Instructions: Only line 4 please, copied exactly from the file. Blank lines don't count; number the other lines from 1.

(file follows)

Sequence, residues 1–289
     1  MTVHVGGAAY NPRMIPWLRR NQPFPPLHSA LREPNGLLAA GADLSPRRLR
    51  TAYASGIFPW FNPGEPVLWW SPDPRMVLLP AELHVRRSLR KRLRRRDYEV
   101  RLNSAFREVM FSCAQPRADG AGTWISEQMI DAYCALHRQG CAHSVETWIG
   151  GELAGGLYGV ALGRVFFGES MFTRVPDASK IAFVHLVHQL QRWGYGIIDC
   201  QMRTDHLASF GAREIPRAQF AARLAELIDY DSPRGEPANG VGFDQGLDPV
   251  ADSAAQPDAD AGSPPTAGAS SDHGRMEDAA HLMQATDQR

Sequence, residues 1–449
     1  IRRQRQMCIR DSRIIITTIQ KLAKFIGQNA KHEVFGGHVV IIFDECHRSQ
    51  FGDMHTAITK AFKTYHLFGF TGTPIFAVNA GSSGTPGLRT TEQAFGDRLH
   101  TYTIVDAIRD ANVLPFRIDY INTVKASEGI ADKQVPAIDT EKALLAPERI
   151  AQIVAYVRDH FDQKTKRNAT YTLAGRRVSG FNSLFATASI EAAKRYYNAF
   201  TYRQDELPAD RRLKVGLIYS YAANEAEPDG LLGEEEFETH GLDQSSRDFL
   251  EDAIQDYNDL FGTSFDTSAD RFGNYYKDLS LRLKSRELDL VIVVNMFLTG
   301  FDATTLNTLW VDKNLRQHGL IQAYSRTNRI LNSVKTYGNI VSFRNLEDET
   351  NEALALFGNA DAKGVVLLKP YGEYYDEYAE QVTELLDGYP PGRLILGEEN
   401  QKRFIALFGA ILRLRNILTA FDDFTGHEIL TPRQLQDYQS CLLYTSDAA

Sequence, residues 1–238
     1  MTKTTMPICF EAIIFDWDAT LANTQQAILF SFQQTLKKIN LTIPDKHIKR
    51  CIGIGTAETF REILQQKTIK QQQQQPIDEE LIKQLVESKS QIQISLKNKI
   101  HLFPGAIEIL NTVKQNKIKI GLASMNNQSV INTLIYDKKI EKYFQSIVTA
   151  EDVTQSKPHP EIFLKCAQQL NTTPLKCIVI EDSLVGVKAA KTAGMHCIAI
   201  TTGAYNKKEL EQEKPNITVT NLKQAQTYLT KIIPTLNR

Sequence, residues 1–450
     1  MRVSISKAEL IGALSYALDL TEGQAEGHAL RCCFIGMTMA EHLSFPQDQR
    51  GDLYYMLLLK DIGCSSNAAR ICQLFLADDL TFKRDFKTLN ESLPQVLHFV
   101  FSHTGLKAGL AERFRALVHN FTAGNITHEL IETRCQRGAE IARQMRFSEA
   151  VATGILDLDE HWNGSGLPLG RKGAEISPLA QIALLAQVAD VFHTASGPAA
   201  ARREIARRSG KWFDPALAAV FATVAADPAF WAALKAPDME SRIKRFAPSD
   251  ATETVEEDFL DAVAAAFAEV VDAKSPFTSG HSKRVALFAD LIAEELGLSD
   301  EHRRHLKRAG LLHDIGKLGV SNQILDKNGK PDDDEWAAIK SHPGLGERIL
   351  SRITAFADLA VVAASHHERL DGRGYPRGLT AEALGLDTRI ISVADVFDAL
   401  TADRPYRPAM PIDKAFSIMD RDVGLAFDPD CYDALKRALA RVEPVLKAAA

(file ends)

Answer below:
   101  RLNSAFREVM FSCAQPRADG AGTWISEQMI DAYCALHRQG CAHSVETWIG